An individual who experienced abandonment or neglect as a child may have an anxious attachment style that can make them more susceptible to codependent tendencies and preoccupation with fears of abandonment.
Read more: Explore the anatomy of the anxious attachment style and how to cultivate healing.
Experiencing abuse, engulfment, or other boundary violations in childhood can lead to the development of an avoidant attachment style. This style is characterized by a fear of being controlled by others and a desire to keep people at a distance in order to control the intimacy of relationships. Individuals with an avoidant attachment style may appear emotionally unavailable, distant, busy, and uninterested in developing intimate connections. Their distancing behaviors can manifest in harmful ways such as substance abuse or being workaholics, and they may sabotage relationships that are going well.
Love + Non-Attachment vs. Avoidance
From a Buddhist psychology perspective, non-attachment involves being open and receptive to experiences and people without trying to control them. Instead of resorting to avoidance behaviors, which are usually motivated by emotional wounds, the fear of being controlled, and a need for control, a more beneficial approach is to cultivate non-attachment, openness, and receptivity. This can enable individuals to love themselves and others in a healthy and fulfilling way, free from the constraints of fear and control.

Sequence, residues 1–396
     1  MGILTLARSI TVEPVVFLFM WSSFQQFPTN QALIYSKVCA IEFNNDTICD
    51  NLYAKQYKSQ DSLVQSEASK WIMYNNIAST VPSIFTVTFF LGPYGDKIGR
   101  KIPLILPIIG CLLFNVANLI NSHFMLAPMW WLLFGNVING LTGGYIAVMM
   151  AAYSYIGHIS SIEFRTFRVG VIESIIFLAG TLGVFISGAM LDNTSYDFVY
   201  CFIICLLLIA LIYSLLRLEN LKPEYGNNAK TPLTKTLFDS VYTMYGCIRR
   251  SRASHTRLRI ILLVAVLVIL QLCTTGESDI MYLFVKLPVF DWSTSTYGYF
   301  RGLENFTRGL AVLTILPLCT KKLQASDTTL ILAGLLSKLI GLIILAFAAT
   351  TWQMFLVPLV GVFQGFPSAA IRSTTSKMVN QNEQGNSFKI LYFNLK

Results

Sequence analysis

Read more: Codependency is incredibly common. Learn more about symptoms of codependence, where they come from, and how to overcome them.
How to Impact Your Relationship Attachment Style
Although our attachment styles are somewhat ingrained, they can change depending on our environment, relationships, and formative experiences. Most people have a primary attachment style, but it's possible to move through the entire attachment spectrum. Spending time with supportive and emotionally available people can influence our attachment patterns positively over time.
Similarly, daily practices like mindfulness, gratitude, and diaphragmatic breathing can help rewire the brain and allow us to respond differently to triggers, ultimately improving our attachment patterns. You may have noticed how different parts of your personality emerge depending on the company you keep, so choosing your relationships wisely is essential for personal growth and change.